Statement by Michelle Bachelet, UN High Commissioner for Human Rights
9 December 2020
Greetings. I'm very glad to be present for this timely and important discussion on the findings of the Inspection Panel’s latest advisory report, which provides insights into responding to project-related gender-based violence through an independent accountability mechanism.
The Bank’s desire to integrate the lessons drawn by the Panel from experiences in Uganda and the DRC is commendable.
I also welcome the World Bank’s efforts to prevent and respond to gender-based violence committed in the context of project implementation.
The UN system has also been grappling with these issues.
In 2017, building on an independent review on sexual exploitation and abuse by peacekeeping forces in the Central African Republic, the Secretary General adopted a strategy to improve the UN's system-wide approach to preventing and responding to sexual abuse and exploitation, whether committed by UN personnel or non-UN forces.
Currently, my Office is working with the World Health Organization regarding an upcoming Commission of Inquiry to investigate allegations of sexual exploitation and abuse affecting more than 50 women in the DRC, during the recent Ebola outbreak.
I am well aware of the complex legal and moral questions these situations raise.
Above all, we must do everything in our power to ensure we do not hurt those we are supposed to serve.
We have the responsibility to act with human rights due diligence. Doing so will enhance the trust and involvement of host communities, and the credibility they give to us and our activities. Above all, it will uphold their human rights – which is the core goal of all the UN's work.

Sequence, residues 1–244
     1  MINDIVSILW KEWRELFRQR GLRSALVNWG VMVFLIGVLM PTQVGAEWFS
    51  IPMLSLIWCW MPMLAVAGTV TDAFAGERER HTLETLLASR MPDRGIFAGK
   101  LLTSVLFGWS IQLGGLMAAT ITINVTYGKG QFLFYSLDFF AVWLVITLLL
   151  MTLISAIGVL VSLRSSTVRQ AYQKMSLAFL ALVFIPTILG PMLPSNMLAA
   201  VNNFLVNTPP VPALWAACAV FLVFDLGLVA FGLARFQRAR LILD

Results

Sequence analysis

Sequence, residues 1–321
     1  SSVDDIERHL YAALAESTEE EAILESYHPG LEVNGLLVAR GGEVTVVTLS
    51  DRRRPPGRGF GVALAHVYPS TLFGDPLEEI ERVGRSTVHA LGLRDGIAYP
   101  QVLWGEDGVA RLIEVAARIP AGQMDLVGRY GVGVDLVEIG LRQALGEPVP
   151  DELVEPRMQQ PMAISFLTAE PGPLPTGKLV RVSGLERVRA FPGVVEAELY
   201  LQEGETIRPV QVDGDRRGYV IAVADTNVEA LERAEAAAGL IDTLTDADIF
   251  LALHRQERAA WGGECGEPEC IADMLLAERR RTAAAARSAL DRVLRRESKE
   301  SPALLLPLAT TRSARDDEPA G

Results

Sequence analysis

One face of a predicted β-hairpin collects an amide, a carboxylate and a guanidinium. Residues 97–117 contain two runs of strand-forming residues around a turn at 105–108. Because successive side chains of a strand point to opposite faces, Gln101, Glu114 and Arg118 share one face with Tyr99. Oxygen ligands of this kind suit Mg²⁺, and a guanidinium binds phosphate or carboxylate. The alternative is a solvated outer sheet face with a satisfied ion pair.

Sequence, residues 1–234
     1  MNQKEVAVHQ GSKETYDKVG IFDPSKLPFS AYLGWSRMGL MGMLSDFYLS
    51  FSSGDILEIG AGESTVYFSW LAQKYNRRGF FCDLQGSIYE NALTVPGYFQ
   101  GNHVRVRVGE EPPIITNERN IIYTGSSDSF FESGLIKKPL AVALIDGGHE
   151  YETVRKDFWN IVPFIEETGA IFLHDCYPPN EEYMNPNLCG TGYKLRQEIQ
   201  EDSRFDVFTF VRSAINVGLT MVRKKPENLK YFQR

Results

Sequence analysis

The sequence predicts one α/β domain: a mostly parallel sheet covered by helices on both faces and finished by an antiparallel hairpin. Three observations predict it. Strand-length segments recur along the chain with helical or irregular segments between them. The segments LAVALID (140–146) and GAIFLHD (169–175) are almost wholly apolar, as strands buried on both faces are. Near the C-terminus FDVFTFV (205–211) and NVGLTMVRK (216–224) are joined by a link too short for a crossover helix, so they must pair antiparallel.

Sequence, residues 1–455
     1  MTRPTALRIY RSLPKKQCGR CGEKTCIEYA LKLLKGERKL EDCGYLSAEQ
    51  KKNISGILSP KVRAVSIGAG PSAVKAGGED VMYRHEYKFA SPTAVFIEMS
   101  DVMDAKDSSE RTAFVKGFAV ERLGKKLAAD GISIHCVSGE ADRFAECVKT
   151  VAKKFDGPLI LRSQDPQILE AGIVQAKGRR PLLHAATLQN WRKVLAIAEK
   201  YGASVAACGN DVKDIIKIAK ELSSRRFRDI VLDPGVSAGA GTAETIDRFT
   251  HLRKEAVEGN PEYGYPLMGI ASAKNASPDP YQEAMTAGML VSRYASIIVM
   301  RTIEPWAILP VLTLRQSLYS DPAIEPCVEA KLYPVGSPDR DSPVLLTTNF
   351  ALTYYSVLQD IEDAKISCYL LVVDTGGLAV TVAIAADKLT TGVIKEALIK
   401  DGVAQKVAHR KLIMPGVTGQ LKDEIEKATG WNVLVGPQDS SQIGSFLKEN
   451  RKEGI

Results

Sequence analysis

The annual 16 days of activism against gender-based violence – which end tomorrow – remind us that gender-based violence afflicts our fellow human beings in all societies. It both manifests and drives discrimination against women and girls. It is arguably the most pervasive of all human rights violations.
And yet gender-based violence is often met with inadequate prevention and faulty accountability measures. Blame continues to be placed on victims; the conduct of perpetrators continues to be viewed as routine; and survivors often encounter insurmountable obstacles to justice.
Our family of international organisations and bodies calls very often on States to spare no effort to address gender-based discrimination and violence. It is only natural that we walk the talk – and strengthen our own responses.
The World Bank's work to prevent gender-based violence in projects, by strengthening risk management systems, is significant.
I note the Bank's Guidance to staff on project-induced labor influx challenges, and the integration of violence in the Good Practice Note on Assessing and Managing the Risks and Impacts of Using Security Personnel.
In addition, the Bank now requires contractors to sign a Code of Conduct that explicitly details the prohibition of and penalties for any sexual relations with children.
You have also developed an interesting tool to assess the likelihood of sexual abuse, exploitation or harassment at the conceptualisation stage of major civil works projects. Using its 25 evidence-based indicators, mitigation measures can be baked into potentially risky projects from their inception, including hiring GBV specialists and mapping local partners that work on sexual abuse and exploitation, including with survivors.
Other multilateral development banks have also been innovating in this field. The Inter-American Development Bank has included a dedicated, stand-alone standard on gender equality in its new Environmental and Social Policy Framework. I hope this example will be replicated by all development finance institutions.